• Climb St. Paul's bell tower, St.-Pauls-Platz 10 (U-Bahn U4, U5: Theresienwiese),  +49 89 531547. Only during Oktoberfest: M-F 14:00-21:00, Sa-Su 12:15-21:00; no admission during services). During Oktoberfest you can access the bell tower of St. Paul's church directly north of Theresienwiese. It is kind of an insider tip, that the 97 m (318 ft) tower of St. Paul's can be climed for one of Munich's most spectacular views. It is a gathering point for professional as well as hobby photographers, due to the postcard panorama. The tower even had its 15 minutes of fame, when in 1960 an American military plane streaked it during take-off and subsequently went down to hit a streetcar. 52 people died in the accident - 20 passengers on the plane and 32 on the ground.
  •    German Theater Munich (Deutsches Theater München), Schwanthalerstraße 13 (south of Munich Central Station),  +49 89 55234444. Closed and relocated to northern Munich until Apr 2013. The German Theater Munich is Germany's largest theater for guest performances. The theater focuses on music hall besides productions of theater, ballet, operettas, and musicals. It was opened in 1896 and underwent several renovations since then.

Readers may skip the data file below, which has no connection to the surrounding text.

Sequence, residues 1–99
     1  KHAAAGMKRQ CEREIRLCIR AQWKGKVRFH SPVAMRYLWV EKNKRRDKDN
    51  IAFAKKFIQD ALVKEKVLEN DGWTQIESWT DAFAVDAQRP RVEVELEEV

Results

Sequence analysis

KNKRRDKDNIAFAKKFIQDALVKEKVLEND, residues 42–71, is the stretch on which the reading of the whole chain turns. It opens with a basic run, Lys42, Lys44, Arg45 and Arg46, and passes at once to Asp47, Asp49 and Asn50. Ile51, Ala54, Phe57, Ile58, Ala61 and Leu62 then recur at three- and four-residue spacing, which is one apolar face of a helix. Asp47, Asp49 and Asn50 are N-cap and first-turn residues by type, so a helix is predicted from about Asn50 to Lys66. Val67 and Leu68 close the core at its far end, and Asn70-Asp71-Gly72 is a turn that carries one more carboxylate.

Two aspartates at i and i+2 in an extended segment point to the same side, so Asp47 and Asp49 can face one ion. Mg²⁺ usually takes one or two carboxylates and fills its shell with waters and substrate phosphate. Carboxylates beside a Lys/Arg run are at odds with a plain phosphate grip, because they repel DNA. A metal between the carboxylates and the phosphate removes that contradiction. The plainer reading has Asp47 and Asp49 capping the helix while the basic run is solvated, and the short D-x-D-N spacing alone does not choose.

• Kulturstrand, 2013: Corneliusbrücke (U-Bahn U1, U2, U7 & Tram 17: Fraunhoferstraße). Mid May-Mid August 12:00-23:00. Kulturstrand ("Cultural Beach") is a festival of live performances in a relaxed beach atmosphere, created thanks to tonnes of sand and canvas chairs, which are brought to a place in the middle of the city every year. The beach bar offers tasty and famous local beers. The festival changes its location every year. While it was at the Father Rhine Foutain north of Deutsches Museum in 2012, it moved to Corneliusbrücke to the south of the museum in 2013.